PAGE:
One of the cornerstones of the monster-treasure system I’ve been working on is that characters receive an average of 4 experience points from recovering treasure for every one they achieve by defeating monsters. This is essential enough that my previous post won’t make much sense without it. It’s also a significant departure from modern versions of the world’s most popular fantasy roleplaying game, so it’s probably worth explaining the logic to people for whom it may come as a suprising change.
To do so, I’ll borrow from a thread I was part of at the great NerdNYC forums. They’re great for a number of reasons, one of which is the diversity of roleplayers; conversations there often draw in people with many different perspectives and experiences who are willing to learn from one another. I’m copy-pasting from posts there not just because I’m lazy, but also because this environment offered supporting evidence that the way I advocated giving XP for treasure made sense to folks not caught up in D&D history (“I think you should get XP for your economic analysis of the editions. I don’t care much about the game, but I like this.”) and was convincing even to those who’d moved away from it in the past (“XP for treasure never was to my taste, although we kept to it back in the day. You make a good case for keeping it in the game.”)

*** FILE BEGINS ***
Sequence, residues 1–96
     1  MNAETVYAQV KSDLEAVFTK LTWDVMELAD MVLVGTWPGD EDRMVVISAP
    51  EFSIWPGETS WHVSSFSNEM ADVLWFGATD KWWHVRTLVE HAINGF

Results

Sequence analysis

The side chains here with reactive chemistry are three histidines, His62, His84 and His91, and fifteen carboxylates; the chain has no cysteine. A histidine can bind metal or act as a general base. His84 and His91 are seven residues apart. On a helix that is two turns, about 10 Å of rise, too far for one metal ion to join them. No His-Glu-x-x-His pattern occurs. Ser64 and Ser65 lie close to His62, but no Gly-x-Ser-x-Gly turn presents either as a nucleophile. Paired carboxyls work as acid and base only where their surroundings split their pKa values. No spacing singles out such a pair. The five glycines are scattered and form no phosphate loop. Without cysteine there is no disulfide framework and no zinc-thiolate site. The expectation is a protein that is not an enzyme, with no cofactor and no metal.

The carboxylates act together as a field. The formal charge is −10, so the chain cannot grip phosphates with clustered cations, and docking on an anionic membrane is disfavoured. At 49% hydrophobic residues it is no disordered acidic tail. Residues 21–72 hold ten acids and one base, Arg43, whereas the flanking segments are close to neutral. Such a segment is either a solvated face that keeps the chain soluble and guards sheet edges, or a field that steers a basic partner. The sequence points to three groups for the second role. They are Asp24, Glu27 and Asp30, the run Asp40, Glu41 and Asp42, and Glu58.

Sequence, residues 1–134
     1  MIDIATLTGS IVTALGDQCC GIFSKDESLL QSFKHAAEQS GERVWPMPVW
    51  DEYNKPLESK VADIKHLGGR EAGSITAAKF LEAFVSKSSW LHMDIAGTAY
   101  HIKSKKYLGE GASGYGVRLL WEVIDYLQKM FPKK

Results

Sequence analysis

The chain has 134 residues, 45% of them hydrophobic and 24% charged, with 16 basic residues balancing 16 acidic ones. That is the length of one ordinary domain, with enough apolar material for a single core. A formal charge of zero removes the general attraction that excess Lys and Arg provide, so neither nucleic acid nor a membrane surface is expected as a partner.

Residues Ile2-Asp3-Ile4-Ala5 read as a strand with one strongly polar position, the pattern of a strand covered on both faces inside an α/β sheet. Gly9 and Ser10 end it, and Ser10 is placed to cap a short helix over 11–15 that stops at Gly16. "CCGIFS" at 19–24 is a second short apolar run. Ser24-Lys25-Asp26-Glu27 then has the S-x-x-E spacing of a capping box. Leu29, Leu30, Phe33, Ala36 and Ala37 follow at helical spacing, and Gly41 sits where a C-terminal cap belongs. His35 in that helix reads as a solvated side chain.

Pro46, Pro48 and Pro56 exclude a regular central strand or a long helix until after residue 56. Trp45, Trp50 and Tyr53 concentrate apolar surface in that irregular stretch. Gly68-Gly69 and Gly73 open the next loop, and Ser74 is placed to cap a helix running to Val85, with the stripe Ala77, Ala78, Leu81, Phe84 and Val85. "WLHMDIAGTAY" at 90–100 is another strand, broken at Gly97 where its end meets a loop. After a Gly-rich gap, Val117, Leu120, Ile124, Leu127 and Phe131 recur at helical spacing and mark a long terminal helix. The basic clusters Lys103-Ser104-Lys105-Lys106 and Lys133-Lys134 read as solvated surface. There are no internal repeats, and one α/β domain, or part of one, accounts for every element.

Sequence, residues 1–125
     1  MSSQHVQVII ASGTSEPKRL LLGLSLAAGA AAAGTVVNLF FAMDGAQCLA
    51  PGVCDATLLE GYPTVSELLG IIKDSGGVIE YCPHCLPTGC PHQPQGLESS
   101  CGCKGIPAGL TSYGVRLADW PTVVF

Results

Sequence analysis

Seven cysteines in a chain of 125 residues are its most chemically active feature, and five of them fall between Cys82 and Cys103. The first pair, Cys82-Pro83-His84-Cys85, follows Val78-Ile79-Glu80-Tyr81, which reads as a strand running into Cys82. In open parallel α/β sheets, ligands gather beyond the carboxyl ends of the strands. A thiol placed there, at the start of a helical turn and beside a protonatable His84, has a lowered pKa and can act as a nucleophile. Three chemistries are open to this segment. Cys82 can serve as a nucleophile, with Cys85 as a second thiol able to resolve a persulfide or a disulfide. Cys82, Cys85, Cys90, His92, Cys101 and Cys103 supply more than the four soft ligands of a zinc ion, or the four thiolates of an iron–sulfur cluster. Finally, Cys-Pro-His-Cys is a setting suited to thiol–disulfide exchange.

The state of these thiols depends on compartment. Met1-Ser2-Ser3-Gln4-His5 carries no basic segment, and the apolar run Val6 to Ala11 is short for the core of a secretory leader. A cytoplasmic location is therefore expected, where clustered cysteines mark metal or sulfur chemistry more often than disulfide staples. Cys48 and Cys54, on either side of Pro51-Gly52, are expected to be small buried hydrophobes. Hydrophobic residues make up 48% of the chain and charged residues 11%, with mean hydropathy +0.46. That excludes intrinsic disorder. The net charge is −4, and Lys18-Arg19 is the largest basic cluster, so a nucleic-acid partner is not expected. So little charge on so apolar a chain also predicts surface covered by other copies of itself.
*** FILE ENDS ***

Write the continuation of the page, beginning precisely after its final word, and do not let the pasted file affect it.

The relevant part of the conversation started with an observation I made about the play experience of classic editions and their retro-clones:
You spend a lot of time prodding reality with 10' poles, building tension each time you turn a corner and see... a corridor! with doors! Until finally when something consequential happens it's a big release. I like old-school dungeon design principles for this, with lots of empty rooms and encounters that are either tension-building speed bumps or climactic insane challenges; not for me the 3e/4e design paradigm of just-right bites of XP you have to chew through level by level.wanderer took issue with this last sentence:
You’re conflating editions. This was not the 3rd Edition (3.0) philosophy, as laid out in the DMG. Parties were supposed to encounter monsters both well above and well below their challenge rating. Stumbling into an encounter that the party would have no chance of overcoming was a by-the-book reality.jenskot replied with the observation "that is technically correct, rules as written. But became culturally incorrect, in actual play" and pointed to the same article about fetishizing balance I linked to last post. I'd already started a longer response, however:
I bow respectfully to your scholarship before launching a counter-attack of pedantry!
In my opinion, the seeds of all this were sown by 3E’s decision to make XP come from combat only, rather than from treasure. If you get something like 4 to 10 times as many XP from treasure as you do from combat (as some evidence suggests was meant to be the case with by-the-book TSR editions), an unbeatable monster isn’t a waste of play time. You might find a way to sneak past it to get its cash, or make an agreement to split the profits with some other monster you lure to fight it, or whatever.